The initial appeal of the game I think for me was how it manages to combine two very familiar things in an entertaining way. Lego Star Wars looks good. I was walking past the Lego store in town the other day and I actually thougth about buying something. Plus, I know these films, especially the ones I watched as a kid, so I don't need to hear the dialogue to know what's going on in the story. It's far more enjoyable to see the Lego characters mumble and shrug while they act out classic scenes. Even better, you seem to get to be able to play all the characters at some point, unlocking more as you go on. While you can swap between a certain set in each level e.g. Obi Wan, Luke, C3PO and R2D2 in some of the earlier ones, once you've completed the challenges you can go back with any unlocked character and do the level again in free play mode. In fact, if you want to unlock hidden areas and collect everything it looks like you have to go through them all again. I wonder if this is enough incentive to do so?

That is one of the things that struck me about the game - it really feels like it's about collecting stuff. I mean of course there is the Star Wars plot and the associated challenges (rescue the girl, kill the baddies, save the world etc) but the game is really arranged around how much of what you collect and whether you have achieved "True Jedi" status on every level. I mean it was obvious from the start that you should collecting the large numbers of gold, silver and occasionaly blue studs - which are either lying around or you get from building/destroying/using the force on object. What is more interesting though is that I wanted to collect them, and collect them all if I could. I mean there are hundreds of these things, and when you destroy somethinng they fly out at you and you don't always have enough time to collect them all (which is a little annoying especially when they also spill over a ledge you can't jump down). At first I thought you needed them to buy things at the cantina. Then when I started episode one I noticed the bar at the top which started to fill up the more studs I collected. If you get enough you achieve "True Jedi" status. I still don't quite know what that means but you get a little tick at the end of the chapter if you achieve it. Td how many of the golden bricks, and mini-kits you have found and how many are left for you to discover. And I want them all, even though I'm not sure what happens if and when I manage to do so. Part of the incentive is that further aspects of the game will be unlocked in the process but I doubt that if I did manage to collect everything the outcome would be as exciting as I feel it should be. The main point though, is that the way the game has been designed means it's not just about getting to the end of each level, but it's also about exploring the entire game to unlock each section.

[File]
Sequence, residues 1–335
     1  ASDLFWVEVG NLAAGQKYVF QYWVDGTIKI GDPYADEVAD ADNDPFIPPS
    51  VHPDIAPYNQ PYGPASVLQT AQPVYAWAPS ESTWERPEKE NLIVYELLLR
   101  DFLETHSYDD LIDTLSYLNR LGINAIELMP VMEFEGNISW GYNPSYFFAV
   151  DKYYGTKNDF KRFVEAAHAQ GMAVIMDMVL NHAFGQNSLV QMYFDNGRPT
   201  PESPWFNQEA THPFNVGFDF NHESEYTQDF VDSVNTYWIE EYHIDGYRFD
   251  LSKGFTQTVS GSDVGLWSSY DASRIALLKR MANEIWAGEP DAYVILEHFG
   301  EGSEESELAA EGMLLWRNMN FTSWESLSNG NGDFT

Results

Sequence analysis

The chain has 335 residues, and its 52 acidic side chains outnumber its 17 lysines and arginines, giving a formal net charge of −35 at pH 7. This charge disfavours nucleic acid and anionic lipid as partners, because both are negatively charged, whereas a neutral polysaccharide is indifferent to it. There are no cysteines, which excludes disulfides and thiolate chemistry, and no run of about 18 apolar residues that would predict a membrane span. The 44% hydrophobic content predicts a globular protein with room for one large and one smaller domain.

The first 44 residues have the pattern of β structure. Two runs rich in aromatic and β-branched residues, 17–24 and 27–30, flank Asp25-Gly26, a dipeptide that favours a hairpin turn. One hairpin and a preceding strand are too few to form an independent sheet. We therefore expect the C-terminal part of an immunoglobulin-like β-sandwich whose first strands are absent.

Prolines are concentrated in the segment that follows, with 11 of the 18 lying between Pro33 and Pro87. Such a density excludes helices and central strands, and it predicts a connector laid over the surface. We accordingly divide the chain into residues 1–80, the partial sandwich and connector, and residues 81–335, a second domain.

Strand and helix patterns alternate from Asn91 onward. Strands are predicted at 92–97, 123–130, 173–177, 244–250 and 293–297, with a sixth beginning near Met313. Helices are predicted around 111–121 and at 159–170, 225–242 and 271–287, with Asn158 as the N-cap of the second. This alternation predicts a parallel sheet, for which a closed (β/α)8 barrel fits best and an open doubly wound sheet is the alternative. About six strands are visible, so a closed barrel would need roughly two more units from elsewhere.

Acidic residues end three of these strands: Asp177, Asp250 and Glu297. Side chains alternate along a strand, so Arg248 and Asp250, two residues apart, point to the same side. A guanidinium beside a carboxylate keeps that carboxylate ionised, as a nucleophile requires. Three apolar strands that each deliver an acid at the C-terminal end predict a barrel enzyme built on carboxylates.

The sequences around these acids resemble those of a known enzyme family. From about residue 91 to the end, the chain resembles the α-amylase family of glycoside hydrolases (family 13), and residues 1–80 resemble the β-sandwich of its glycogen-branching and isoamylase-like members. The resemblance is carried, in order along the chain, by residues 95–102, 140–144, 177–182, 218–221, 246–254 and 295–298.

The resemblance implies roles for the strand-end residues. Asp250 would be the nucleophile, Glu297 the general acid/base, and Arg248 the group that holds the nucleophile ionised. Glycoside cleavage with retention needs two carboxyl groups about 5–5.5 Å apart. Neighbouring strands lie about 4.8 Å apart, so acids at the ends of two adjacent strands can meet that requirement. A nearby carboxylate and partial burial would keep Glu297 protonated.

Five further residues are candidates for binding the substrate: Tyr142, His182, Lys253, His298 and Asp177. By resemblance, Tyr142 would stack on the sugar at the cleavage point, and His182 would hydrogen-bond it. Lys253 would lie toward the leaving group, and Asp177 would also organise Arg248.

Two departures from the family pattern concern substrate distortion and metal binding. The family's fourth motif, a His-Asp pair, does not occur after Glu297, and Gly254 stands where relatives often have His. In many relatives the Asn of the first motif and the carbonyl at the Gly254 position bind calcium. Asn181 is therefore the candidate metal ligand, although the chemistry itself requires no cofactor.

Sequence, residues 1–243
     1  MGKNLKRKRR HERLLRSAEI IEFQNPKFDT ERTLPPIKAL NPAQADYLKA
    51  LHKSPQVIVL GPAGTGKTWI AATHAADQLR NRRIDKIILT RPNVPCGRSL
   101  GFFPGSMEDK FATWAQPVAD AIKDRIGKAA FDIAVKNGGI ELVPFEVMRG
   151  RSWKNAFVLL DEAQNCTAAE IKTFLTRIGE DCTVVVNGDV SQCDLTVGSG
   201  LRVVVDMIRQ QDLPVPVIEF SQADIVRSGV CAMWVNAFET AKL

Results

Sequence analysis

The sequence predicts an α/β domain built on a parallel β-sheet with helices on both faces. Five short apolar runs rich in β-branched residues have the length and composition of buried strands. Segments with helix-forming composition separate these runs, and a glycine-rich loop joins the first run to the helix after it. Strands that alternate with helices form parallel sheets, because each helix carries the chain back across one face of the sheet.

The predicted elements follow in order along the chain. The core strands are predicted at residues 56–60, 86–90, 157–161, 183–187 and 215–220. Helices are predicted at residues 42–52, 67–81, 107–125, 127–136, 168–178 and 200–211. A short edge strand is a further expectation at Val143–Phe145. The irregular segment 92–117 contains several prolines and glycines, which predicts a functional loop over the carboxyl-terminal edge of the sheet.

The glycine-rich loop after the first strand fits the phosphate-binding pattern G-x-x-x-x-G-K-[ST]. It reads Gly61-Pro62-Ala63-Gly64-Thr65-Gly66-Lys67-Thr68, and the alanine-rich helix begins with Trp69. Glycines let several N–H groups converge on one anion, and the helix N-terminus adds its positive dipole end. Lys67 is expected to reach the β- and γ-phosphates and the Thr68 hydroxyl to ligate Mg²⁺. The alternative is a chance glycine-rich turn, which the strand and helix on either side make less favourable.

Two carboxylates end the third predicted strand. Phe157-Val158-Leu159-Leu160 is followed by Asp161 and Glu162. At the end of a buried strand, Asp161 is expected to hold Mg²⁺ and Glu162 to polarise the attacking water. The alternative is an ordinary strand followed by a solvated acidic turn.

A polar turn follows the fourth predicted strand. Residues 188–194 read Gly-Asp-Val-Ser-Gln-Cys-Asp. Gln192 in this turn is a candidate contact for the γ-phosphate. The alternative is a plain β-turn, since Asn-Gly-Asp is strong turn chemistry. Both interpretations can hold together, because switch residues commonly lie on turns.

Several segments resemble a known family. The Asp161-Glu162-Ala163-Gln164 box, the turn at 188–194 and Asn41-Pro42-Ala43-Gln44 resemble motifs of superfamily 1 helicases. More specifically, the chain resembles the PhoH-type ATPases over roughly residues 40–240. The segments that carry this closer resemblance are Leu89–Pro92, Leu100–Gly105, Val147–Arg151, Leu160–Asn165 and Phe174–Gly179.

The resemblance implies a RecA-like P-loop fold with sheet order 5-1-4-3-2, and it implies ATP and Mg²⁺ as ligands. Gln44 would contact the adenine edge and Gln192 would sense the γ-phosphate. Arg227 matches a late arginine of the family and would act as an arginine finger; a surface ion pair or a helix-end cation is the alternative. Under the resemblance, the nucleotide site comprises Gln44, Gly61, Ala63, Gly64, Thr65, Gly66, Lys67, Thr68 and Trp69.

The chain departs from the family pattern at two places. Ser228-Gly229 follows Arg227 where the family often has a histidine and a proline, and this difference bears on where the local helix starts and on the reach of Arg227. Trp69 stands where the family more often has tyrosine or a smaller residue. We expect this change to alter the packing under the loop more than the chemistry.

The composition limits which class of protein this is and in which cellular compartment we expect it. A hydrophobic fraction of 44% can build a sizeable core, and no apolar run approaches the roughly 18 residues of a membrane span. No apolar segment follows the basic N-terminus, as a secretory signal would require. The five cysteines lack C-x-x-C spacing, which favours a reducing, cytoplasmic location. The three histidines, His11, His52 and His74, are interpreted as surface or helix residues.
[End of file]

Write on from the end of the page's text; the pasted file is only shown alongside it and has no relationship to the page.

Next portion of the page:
It's a little similar to playing Super Mario Galaxy and having the desire to collect all the star bits. I was talking to Will the other day and we agreed that we hate it when we're watching someone else play and they don't collect really obvious ones. I can't help thinking that this collecting aspect means Lego Star Wars comes across as more of platform game than an action adventure one. For example, in Zelda you do collect gems but the purpose of them is so you can buy other things that are useful to your adventures like better armour and weapons, or oil for your lantern. In contrast, in the Sonic and Mario games you collect gold (rings and coins respectively) but just to see how many you can get. Things like star bits, studs or gold coins aren't even power ups as such, at least not until you collect enough of them and get an extra life or something. Is that enough of an incentive to explain the drive to pick them all up? Something else seems to be going on here but I'm not sure what.